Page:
Wall Street Stocks On Course For Bloodbath

Washington (Aug 24)  The global equity market rout continues, with the US index futures pointing to a notably lower opening on Monday. Earlier in the global trading day, the Asian markets sold-off along with commodities and emerging market currencies. The Chinese market spearheaded the weakness, as the Shanghai Composite recorded its biggest loss since 2007. European stocks are also experiencing rout.

With very little economic catalysts to sway the domestic markets, selling could be the order of the day. Light sweet crude is trading at sub-40 level a barrel and commodities are all weaker. The dollar is weaker except against commodity currencies. The world's obsession with China and its global growth driving capability has proved the undoing of the markets, especially as the nation finds it difficult to sustain the staggering growth pace it has witnessed in the past.

At 6:15 am ET, the Dow futures are slumping 359 points, the S&P 500 futures are declining 39 points and the Nasdaq 100 futures are retreating 140.50 points.

US stocks tumbled in the week ended August 21st to multi-year lows, as Chinese growth worries and domestic rate concerns hurt all risky bets.

Even as the global markets reel on worries about the global economy, traders are likely to sift through a raft of economic data scheduled for the unfolding week. Notable among these are the Commerce Department's durable goods orders, personal income and spending and new home sales reports, all for July, weekly jobless claims data, the National Association of Realtors' pending home sales index for July, Markit's preliminary service sector PMI for August and the University of Michigan's consumer sentiment survey for August.

The 2-day annual Jackson Hole Symposium scheduled for Thursday and Friday may also showcase the views of central bank officials of major central banks. Some Fed speeches, the results of some regional manufacturing surveys, the results of June house price surveys of the Federal House Finance Agency and S&P/Case-Shiller, preliminary second quarter GDP report and the results of auctions of 2-year, 5-year and 7-year notes round up the economic events of the week.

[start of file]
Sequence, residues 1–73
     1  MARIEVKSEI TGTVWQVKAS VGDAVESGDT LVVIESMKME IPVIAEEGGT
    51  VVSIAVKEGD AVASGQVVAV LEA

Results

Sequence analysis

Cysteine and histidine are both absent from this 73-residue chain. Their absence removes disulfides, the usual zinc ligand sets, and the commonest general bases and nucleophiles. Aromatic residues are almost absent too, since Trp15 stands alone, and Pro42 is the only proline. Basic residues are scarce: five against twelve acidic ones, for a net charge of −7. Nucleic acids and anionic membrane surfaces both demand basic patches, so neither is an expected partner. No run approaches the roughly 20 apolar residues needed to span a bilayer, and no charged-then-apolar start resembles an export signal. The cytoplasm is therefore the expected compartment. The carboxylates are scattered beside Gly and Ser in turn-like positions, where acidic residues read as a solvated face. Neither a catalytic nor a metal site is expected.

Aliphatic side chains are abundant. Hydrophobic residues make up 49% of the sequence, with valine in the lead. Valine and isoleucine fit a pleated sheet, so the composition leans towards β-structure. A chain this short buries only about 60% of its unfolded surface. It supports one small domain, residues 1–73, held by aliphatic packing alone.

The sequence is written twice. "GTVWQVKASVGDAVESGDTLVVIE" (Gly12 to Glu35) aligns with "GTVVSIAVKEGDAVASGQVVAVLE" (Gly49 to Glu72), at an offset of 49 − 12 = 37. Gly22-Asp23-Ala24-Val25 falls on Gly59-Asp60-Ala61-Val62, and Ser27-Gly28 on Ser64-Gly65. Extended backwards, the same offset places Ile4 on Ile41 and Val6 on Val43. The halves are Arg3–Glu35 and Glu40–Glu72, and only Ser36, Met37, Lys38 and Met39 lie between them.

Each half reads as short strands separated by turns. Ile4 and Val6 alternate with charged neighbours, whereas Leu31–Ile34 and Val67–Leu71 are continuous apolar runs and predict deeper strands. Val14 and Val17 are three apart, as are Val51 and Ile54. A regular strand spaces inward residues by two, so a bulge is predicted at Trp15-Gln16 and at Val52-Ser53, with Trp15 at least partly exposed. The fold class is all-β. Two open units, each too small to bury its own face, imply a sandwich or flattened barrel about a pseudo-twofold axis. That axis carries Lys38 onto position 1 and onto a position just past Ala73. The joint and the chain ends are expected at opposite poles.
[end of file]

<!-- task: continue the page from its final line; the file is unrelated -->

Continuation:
The Chicago Federal Reserve is scheduled to release the results of its nation activity survey for July at 8:30 am ET. Economists expect the national activity index to rise to 0.20 in July from 0.08 in June.

Atlanta Federal Reserve Bank President Dennis Lockhart is due to speak to the public pension forum in Berkley, California at 3:55 pm ET.

The Asian markets experienced a bloodbath, with China spearheading the plunge downward, as risk aversion gripped the markets. Investors scurried off risky bets from equities to commodities to risk currencies.

With the yen appreciating sharply, the Japanese market succumbed to the sell-off spearheaded by exporters. The Nikkei 225 average opened lower and moved roughly sideways. After a leg down, the index moved sideways yet again in the afternoon before ending 895.15 points or 4.61% at a 6-month low of 18,541. All but one of the index components retreated.

Australia's All Ordinaries languished below the unchanged line throughout the session before ending down 210.60 points or 4.03% at a 2-year low of 5,014. The market witnessed across the board sell-off, with energy and financial stocks leading the declines.

China's Shanghai Composite Index slumped 297.84 points or 8.49%, the biggest one-day loss since 2007, before ending at 3,210, the lowest since February 13th, 2015. The index is now in the red for the year. Hong Kong's Hang Seng Index ended at 21,252, down 1,158.05 points or 5.17%.

On the economic front, Japan's Cabinet Office released its revised report on economic activity, which showed that the leading economic indicators index for Japan rose less than initially estimated. The index was at 106.5 in June, down from the preliminary reading of 107.2, but was up from 106 in May. June's index was still the highest since March 2014.

European stocks opened notably lower and are mired in the red, as the markets in the region react to the global sell-off. There aren't any major domestic catalysts to impact market movement.

Source: RTTnews